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With Thanksgiving just around the bend I would be remiss not to share a little Indian humor. Note the politically incorrect school art project and family keepsake.
Enter lunchroom. I've invited my mom (full blood Cherokee) to join my son's class as they "break bread" and offer humble thanks for the role Native Americans played in creating a holiday destined to repeat on iPhone calendars across North America until Jesus returns.
Imagine long tables lined with make-shift table clothes. A roll of white paper from art class roughly the length of a football field and some crappy tape that doesn't hold. The finishing touch is brought to fruition by dressing half the children as Pilgrims and the other half as Indians. Can you see it?
My sweet mother, within ear-shot of my son's teacher says to me, "If they really want to be accurate they should segregate the Indians and the Pilgrims. The Pilgrims refused to sit next to us, ya know."
And now for what I am most grateful for. I mean it when I say that I am grateful my life fell spectacularly apart in 2012. At the time I wasn't grateful. At the time I felt confined to a tunnel of pain with despair at one end and rage at the other. I'd loved my husband for so long; given so much. All that "praying and staying . . . to no avail.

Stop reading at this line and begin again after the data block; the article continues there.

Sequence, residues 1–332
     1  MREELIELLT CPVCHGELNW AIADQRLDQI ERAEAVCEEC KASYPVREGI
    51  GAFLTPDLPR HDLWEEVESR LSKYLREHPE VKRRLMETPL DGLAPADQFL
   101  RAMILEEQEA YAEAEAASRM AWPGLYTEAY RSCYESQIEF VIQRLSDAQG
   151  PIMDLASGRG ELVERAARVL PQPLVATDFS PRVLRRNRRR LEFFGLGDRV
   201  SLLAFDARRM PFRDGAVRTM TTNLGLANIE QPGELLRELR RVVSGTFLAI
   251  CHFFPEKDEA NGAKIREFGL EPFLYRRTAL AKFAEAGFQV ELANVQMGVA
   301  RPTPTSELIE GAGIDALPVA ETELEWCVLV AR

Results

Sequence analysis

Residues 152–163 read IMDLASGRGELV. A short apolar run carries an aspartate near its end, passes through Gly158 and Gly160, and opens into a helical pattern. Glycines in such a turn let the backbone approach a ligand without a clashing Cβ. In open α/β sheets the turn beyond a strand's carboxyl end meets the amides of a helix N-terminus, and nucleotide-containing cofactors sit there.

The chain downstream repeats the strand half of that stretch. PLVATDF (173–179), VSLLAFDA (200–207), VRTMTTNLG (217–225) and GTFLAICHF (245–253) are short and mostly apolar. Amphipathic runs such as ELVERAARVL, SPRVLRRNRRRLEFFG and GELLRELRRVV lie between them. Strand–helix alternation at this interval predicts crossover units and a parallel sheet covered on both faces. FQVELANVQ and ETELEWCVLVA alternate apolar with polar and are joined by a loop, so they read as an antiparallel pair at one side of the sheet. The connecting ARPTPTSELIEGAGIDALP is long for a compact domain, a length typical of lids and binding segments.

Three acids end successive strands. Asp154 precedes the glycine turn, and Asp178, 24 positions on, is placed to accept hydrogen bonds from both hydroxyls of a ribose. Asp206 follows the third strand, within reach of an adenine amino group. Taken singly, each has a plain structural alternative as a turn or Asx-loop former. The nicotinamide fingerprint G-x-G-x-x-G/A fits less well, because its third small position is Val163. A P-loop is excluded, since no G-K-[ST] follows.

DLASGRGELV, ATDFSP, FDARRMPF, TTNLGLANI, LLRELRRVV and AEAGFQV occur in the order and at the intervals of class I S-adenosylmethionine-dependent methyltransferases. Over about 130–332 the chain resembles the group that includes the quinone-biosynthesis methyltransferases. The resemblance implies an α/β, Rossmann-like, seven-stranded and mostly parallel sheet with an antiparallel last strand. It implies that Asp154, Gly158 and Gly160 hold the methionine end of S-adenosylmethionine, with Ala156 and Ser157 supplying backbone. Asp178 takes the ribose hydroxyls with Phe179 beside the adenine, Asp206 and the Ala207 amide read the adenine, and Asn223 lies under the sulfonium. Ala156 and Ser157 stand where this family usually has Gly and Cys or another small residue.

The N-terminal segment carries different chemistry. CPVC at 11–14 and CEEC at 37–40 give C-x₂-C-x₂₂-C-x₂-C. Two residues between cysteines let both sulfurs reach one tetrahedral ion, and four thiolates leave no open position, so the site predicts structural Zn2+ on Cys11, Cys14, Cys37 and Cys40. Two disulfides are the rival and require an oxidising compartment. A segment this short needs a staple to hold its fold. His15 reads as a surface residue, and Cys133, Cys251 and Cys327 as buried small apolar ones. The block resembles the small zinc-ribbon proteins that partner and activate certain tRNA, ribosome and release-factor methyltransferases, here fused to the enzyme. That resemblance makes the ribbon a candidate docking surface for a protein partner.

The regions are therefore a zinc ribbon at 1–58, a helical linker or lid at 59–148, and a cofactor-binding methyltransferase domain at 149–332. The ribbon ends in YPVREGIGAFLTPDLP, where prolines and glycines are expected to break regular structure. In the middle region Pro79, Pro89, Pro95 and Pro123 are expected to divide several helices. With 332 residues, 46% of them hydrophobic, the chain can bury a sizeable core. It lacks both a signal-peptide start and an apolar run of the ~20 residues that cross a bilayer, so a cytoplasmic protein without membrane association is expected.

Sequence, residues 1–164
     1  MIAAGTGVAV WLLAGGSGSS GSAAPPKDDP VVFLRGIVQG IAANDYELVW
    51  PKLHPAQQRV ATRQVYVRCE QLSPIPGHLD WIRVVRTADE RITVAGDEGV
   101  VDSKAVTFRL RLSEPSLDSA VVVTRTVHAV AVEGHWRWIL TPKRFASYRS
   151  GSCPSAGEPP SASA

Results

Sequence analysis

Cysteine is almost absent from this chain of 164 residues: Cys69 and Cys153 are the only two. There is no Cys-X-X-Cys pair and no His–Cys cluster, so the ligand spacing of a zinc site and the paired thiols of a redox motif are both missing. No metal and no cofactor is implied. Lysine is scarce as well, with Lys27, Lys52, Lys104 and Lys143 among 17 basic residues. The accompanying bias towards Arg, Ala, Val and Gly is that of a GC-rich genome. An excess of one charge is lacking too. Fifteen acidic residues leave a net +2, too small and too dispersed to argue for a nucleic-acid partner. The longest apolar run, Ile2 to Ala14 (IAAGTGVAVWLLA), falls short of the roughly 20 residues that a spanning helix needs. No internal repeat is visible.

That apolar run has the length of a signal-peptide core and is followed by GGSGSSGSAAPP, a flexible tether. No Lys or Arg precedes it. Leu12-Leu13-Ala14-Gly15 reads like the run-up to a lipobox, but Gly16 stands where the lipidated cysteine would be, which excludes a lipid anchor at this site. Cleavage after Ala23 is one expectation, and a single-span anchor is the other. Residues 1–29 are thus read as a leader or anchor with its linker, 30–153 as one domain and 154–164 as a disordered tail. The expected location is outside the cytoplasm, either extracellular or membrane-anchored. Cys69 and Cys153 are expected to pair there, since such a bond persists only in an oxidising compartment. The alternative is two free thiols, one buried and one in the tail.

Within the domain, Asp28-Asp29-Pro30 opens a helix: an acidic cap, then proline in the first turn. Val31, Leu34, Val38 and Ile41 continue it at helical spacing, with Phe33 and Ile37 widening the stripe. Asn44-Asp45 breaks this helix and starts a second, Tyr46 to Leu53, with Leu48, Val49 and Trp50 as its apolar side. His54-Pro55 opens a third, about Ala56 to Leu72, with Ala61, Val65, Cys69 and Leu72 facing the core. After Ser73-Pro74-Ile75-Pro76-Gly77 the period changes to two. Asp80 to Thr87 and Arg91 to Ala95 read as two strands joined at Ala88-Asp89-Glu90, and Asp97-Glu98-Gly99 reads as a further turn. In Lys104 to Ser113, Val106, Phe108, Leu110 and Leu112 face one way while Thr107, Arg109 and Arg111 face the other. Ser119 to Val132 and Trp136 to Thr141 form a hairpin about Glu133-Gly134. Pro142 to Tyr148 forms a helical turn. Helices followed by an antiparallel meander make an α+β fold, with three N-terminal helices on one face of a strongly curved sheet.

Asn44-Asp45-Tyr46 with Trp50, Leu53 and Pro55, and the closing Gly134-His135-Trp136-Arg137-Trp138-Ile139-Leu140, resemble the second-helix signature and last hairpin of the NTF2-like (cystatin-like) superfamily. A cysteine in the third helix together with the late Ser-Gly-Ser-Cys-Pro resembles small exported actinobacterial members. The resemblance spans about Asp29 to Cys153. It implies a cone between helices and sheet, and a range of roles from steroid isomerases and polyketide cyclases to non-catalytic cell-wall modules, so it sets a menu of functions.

Betrayal is a vicious beast of a thing that can cause a person to feel as insignificant as humanly possible. The first Thanksgiving and Christmas on my own I felt like a discarded speck caught in a vortex of disillusionment. Who was I? How would I relate to God as I moved forward?
I didn't feel compelled to read my Bible. I'd always read my Bible. At night I'd place it over my heart before drifting off to sleep. In the mornings I'd read a sentence or two at my kitchen table before closing my eyes and resting my head on open pages. Several months passed before it dawned on me that my Bible studies were rooted in only hardships.
I didn't know "the joy of the Lord is my strength." I only knew how to pray harder. Try harder. I was exhausted from my attempts to manage the damage. For the first time in a long time, I had nothing to offer anyone. It was all I could do to get out of bed and breathe.
I fell apart. But then I made a commitment to face the pain, the confusion; the illusion I'd wrapped scripture around for years--expecting God to bless the world of denial I'd built in the name of Jesus. Well, He did bless it. He brought it down Old Testament style. If life was a board game, I guess you could say the God of the Universe cleared the pieces of mine with one breath.
To be stripped of oneself is a great gift from God. I remember the first day I opened my Bible and could read again. Really soak it in. Not because I had something terrible to survive, but because I had a life to live. And a God who desired for me to live it abundantly. What would become of my relationship with Christ . . . as a single mother? More importantly, as a woman who no longer lived in denial.
What I've learned so far; what I'm most grateful for this Thanksgiving is that today, when I open my Bible, chalked full of highlights from years of study, what means the most to me are the pages stained with tears. God used every one of them to water what I'd highlighted in yellow. He brought me back to life.